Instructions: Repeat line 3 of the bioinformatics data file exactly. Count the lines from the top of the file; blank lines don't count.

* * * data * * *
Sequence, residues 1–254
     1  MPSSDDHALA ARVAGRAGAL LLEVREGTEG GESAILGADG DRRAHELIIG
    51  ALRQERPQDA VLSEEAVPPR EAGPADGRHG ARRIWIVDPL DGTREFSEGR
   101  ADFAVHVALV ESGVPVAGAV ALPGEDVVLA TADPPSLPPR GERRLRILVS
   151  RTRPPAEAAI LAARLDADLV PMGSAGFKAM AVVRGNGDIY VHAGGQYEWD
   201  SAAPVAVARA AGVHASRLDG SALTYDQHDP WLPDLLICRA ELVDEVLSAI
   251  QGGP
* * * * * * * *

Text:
    51  ALRQERPQDA VLSEEAVPPR EAGPADGRHG ARRIWIVDPL DGTREFSEGR